KEN HOUSTON questions the purpose of recent academic research into gang warfare among teenagers in Glasgow.

“I was told stories about broken arms, a broken back from falling from a cliff, nails through feet, being hit with cars, someone being set on fire, suicides, shootings, stabbings…”

A foreign correspondent, managing to dodge bullets and barrel bombs, reporting from the Syrian front line perhaps?

No, not exactly. These words came from one Ms Johanne Miller, of the University of the West of Scotland, in the more peaceful surrounds of the recent annual conference of the British Sociological Association, held in Glasgow.

Ms Miller was addressing the conference with details of her research into the gang culture in Glasgow “carried out….with 60 members of 21 of the estimated 170 gangs in the city”.

No doubt the information led to much furrowed brows among the corduroy-jacketed sociologists attending the Glasgow conference, very possibly leading for a call for ‘more specific research’ into the issue.

For the greater part of the population, however, whose working lives are based around logic rather than theory, the reaction might have been: “Tell us something we don’t already know.”

Although, to be fair to Ms Miller, “falling off a cliff” is new; Glasgow gang leaders usually dispense justice on their own patch rather than heading down to the Ayrshire coast for a bit of ‘cliff-throwing’. Also new is “nails through feet”. I do recall one infamous Glasgow murder trial in which, according to a witness, hands were nailed to floorboards but nothing even more horrible as nails being driven through feet.

For as long as I can remember there have been endless studies by academics into violence and poverty in socially deprived areas of cities, whether it be Glasgow or Dundee or Newcastle or Bristol without any improvement for those members of the population being “studied”.

Ironically, the most effective intervention of all came not from the public sector but from that popular entertainer of the 1960’s and 70’s, Frankie Vaughan. While in Glasgow for a concert he became concerned about reports of gang warfare in the giant Easterhouse housing scheme and made several visits there, meeting gang members and eventually negotiating a weapons amnesty, mainly involving knives but also mallets, hammers, screwdrivers, etc.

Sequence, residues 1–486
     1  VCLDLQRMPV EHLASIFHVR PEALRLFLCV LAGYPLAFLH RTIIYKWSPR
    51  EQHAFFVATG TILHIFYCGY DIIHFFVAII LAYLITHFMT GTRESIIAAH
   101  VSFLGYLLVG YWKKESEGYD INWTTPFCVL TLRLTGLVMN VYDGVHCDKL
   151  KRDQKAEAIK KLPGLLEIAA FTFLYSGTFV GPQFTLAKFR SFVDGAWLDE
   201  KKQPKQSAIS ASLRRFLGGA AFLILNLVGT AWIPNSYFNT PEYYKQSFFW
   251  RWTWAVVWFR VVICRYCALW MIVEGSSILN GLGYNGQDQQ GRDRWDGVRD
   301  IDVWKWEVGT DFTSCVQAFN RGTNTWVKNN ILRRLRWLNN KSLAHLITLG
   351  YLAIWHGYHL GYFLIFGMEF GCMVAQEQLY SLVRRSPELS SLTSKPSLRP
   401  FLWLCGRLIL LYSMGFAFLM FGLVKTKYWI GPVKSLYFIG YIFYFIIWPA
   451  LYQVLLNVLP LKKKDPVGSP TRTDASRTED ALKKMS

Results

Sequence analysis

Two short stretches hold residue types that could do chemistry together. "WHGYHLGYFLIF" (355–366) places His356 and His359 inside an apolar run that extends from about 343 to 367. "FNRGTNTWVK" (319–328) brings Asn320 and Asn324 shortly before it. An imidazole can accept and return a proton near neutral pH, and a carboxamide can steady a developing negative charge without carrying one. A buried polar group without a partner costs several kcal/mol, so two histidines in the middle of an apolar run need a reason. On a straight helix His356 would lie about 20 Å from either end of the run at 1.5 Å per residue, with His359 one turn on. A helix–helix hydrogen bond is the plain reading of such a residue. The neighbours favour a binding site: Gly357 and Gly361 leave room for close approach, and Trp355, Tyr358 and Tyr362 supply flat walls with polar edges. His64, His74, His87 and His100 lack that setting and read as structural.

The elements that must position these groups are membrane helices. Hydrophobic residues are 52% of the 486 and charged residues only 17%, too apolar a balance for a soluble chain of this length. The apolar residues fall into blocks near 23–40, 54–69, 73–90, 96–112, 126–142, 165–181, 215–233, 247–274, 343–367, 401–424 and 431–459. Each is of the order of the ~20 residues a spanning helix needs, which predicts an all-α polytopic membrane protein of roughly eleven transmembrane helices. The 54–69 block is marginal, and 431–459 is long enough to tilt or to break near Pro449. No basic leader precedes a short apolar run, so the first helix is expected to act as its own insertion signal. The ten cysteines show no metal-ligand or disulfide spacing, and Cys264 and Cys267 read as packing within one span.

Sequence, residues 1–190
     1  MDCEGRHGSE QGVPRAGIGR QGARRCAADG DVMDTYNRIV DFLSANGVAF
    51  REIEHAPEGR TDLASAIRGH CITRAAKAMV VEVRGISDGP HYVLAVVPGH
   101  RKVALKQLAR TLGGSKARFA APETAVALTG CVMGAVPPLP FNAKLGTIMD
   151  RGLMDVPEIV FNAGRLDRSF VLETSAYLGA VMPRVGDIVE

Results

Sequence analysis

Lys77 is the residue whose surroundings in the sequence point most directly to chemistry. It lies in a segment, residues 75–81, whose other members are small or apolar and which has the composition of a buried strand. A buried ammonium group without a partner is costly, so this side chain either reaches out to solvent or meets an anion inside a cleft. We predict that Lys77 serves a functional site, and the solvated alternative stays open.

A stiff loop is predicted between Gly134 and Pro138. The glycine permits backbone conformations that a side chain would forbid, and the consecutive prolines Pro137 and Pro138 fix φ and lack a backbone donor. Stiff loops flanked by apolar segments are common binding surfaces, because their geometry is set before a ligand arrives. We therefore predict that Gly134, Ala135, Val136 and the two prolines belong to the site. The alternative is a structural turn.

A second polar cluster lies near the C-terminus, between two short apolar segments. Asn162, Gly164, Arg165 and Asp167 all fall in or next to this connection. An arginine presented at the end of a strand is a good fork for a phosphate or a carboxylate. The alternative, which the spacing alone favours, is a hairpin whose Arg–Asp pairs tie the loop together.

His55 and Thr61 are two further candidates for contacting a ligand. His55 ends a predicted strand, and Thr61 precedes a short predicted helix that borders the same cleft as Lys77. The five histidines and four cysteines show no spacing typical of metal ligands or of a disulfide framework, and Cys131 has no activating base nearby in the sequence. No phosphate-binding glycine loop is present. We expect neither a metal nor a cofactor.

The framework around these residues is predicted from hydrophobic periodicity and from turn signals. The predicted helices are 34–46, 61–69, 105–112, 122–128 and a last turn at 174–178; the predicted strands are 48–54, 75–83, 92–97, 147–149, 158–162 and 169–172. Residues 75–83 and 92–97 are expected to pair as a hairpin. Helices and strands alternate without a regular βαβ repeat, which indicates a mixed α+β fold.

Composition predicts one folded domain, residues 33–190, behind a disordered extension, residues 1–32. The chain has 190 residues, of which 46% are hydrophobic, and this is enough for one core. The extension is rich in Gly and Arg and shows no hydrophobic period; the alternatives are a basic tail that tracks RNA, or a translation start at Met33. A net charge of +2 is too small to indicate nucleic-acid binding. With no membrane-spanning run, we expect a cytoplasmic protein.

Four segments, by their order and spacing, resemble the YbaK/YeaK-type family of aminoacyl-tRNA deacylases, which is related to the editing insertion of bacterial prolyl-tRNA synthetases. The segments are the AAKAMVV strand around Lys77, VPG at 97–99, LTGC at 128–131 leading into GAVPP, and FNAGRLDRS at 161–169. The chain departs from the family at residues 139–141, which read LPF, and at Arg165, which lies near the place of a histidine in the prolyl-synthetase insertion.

Vaughan also organised a fund-raising gala – ‘Not the Gang Show’ – which eventually led to the Easterhouse Project, one result of which – thanks partly to commercial sponsors and help from the Army – was the construction of a community youth club.

Some said Vaughan did it for the publicity but this was highly unlikely. The entertainer was at the height of his fame and did not require additional PR. Also, growing up in Liverpool, he had encountered similar problems in his own youth and saw the benefits boys’ clubs and similar organisations could bring.

The project was not, of course, a panacea but it led to a greater sense of community which to some degree still exists to the present day.

The personal initiative of this one individual rather than those of careerist academics probably did more to improve the social structure of Easterhouse than all the publicly-funded projects put together.

Which begs the question: for how much longer will government money be spent on middle-class sociologists ‘studying’ deprived communities and at the end of the day coming up with the bleedin’ obvious?